The Hankyoreh did not specify where the “third location” was but said it could be in China.

 Image result for North Korea train leaves beijing, photos

Hong Kong’s South China Morning Post said Kim was on the train that left Beijing, citing two anonymous sources.

South Korea said it was closely watching events in Beijing, where a foreign ministry spokeswoman deflected a question on whether Kim, his sister or some other senior North Korean was visiting. South Korea’s spy agency declined to confirm the report.

“At present I have no understanding of the situation you mention. If there is news we will release it,” foreign ministry spokeswoman Hua Chunying told a regular daily briefing.

Diplomatic sources in Beijing said a senior North Korean official was in town, but did not know exactly who.

Bloomberg, citing three unidentified sources, reported late on Monday that Kim was in Beijing in what would be his first known trip outside North Korea since taking power in 2011.

The unconfirmed visit came ahead of planned summit meetings with South Korean President Moon Jae-in and U.S. President Donald Trump.

“The presidential Blue House is watching things in Beijing very closely, while keeping all possibilities open,” said the senior official in Seoul, who spoke on condition of anonymity.

Improving ties between North Korea, which is pursuing nuclear and missile programs in defiance of U.N. Security Council resolutions, and China would be a positive sign before the planned summits, he said.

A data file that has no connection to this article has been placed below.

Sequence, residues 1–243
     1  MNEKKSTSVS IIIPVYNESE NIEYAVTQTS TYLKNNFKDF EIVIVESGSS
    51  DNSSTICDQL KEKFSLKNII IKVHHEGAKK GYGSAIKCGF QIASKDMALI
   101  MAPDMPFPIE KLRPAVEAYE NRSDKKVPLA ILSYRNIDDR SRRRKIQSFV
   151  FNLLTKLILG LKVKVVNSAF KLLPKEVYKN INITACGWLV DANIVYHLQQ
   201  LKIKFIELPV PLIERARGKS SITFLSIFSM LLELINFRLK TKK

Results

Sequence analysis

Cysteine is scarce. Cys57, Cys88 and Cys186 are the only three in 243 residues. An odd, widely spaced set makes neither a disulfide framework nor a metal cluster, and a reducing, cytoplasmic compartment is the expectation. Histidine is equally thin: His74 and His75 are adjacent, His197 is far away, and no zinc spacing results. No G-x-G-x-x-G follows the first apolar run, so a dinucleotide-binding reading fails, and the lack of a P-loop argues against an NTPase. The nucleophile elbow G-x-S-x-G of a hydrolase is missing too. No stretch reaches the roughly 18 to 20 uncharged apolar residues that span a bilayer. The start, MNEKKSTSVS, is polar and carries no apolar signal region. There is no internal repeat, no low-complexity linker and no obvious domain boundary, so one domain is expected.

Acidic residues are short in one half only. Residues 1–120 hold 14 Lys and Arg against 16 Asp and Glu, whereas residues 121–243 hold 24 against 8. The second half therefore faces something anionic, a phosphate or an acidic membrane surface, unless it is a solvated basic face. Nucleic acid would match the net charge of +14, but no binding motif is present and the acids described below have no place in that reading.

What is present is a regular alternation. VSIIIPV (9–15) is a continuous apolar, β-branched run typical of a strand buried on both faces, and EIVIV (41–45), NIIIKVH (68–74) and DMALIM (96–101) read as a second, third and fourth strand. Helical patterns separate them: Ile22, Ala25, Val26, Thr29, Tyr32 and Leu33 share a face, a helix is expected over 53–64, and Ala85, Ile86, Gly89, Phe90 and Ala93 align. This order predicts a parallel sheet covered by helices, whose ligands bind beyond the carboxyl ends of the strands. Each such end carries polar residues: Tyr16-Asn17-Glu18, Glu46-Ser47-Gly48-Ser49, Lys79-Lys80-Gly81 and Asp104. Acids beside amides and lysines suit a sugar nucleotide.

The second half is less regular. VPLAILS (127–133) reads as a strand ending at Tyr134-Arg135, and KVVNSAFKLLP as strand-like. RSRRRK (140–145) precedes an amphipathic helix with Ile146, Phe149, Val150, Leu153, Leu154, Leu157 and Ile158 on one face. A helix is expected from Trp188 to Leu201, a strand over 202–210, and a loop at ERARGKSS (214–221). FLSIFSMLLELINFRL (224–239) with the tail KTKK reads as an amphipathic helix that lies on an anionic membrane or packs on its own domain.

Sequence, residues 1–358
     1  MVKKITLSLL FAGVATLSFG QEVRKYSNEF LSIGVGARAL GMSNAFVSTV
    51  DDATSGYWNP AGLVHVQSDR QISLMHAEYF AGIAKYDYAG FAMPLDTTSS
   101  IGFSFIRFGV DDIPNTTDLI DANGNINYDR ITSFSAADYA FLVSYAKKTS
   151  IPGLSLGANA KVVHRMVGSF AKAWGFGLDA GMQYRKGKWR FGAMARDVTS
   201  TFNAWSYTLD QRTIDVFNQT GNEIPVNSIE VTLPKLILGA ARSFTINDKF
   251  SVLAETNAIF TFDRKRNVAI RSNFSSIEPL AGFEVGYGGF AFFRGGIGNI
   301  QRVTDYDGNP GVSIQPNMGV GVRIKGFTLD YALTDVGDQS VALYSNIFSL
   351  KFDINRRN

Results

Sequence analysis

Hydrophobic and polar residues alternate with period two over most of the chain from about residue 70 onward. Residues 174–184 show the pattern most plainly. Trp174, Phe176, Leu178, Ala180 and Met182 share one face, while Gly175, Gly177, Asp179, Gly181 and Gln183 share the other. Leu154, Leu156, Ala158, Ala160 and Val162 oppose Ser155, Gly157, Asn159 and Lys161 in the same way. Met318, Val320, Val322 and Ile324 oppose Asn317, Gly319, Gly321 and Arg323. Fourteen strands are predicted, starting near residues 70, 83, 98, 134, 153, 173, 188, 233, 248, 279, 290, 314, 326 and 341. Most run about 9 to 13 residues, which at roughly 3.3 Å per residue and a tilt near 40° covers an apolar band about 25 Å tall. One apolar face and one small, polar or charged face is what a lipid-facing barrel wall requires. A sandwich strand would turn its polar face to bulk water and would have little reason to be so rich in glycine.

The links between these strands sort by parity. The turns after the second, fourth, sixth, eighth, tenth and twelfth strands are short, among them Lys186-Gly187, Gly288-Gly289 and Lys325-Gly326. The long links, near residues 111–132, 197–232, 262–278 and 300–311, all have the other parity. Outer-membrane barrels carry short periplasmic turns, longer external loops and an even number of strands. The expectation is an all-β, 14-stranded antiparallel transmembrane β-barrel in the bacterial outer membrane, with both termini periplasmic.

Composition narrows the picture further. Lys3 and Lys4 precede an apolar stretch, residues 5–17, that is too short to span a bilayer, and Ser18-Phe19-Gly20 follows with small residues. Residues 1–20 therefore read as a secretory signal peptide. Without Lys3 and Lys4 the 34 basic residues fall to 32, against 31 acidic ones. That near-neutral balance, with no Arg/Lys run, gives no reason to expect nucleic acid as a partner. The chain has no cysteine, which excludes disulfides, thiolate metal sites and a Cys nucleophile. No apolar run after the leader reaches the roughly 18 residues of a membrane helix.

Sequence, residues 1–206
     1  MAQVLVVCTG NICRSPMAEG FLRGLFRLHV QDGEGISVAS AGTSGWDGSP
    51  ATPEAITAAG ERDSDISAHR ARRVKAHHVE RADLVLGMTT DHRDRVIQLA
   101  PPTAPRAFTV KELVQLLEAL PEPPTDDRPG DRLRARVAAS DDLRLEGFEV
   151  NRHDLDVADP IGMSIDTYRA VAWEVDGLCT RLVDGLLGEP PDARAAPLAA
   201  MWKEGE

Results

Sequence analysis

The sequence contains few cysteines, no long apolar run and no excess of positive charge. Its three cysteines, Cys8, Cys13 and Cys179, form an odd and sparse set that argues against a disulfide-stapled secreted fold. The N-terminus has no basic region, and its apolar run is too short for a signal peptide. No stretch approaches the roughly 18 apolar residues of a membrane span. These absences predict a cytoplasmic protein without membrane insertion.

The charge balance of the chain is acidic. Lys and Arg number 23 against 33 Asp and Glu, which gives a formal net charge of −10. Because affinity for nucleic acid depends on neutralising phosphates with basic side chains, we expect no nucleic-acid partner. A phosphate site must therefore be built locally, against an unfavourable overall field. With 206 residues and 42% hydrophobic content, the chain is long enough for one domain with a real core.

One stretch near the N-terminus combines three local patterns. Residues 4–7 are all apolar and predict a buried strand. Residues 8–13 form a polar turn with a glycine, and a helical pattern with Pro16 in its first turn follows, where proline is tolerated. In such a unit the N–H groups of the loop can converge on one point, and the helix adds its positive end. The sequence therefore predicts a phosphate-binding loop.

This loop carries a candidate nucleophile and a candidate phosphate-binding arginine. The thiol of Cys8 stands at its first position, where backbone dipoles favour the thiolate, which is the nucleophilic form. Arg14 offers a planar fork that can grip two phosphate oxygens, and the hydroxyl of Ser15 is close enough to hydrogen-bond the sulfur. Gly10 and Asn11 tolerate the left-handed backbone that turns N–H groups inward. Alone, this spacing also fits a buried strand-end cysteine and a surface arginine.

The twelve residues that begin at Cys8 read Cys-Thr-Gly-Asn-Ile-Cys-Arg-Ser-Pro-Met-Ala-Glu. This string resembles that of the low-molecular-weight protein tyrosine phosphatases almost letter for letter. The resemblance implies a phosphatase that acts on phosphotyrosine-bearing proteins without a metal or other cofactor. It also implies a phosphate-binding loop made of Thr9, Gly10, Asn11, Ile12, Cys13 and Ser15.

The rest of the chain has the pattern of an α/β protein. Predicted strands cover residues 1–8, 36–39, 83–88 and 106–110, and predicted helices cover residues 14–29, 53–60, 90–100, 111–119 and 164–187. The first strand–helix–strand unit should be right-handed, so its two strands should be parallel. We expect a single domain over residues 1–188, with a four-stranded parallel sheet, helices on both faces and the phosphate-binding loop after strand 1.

A Reuters reporter saw a convoy leave Beijing’s Diaoyutai State Guest House, where senior foreign leaders often stay, and drive north on Tuesday morning. It was unclear where the convoy was headed.

Later, a Reuters journalist saw what was believed to be the delegation’s train pulling out of a Beijing station. The group was reported to have arrived in China on Sunday after crossing from North Korea in the border city of Dandong.

A senior U.S. official who follows North Korea closely said the available evidence suggested that Kim had traveled to Beijing to meet Chinese President Xi Jinping, but stressed that has not been confirmed.

Underscoring the mystery, one senior Beijing-based diplomatic source told Reuters simply: “We just don’t know.”

One source with ties to China’s leadership said it was possible Kim’s younger sister, Kim Yo Jong, was in town. She visited South Korea for the Winter Olympics last month, paving the way for a summit between the two Koreas.

South Korean news agency Newsis reported that Kim Yo Jong and the North’s ceremonial leader, Kim Yong Nam, were visiting Beijing, citing an unidentified North Korea-related source in Beijing.

 Image result for North Korea train leaves beijing, photos

A train believed to be carrying a senior North Korean delegation leaves the Beijing Railway Station in Beijing, China March 27, 2018. REUTERS/Jason Lee

The pair visited South Korean President Moon Jae-in at his office in Seoul during the Winter Olympics in February.

The U.S. official, speaking on condition of anonymity, said it was unlikely Kim Jong Un would have sent his sister on such an important mission, unlike her ceremonial visit to South Korea for the Olympics.

On the contrary, the official said, a summit with Xi would underscore Kim’s standing as a world leader.


Xi and Kim Jong Un had reasons to meet in advance of Kim’s meetings with Moon and possibly Trump, the U.S. official said.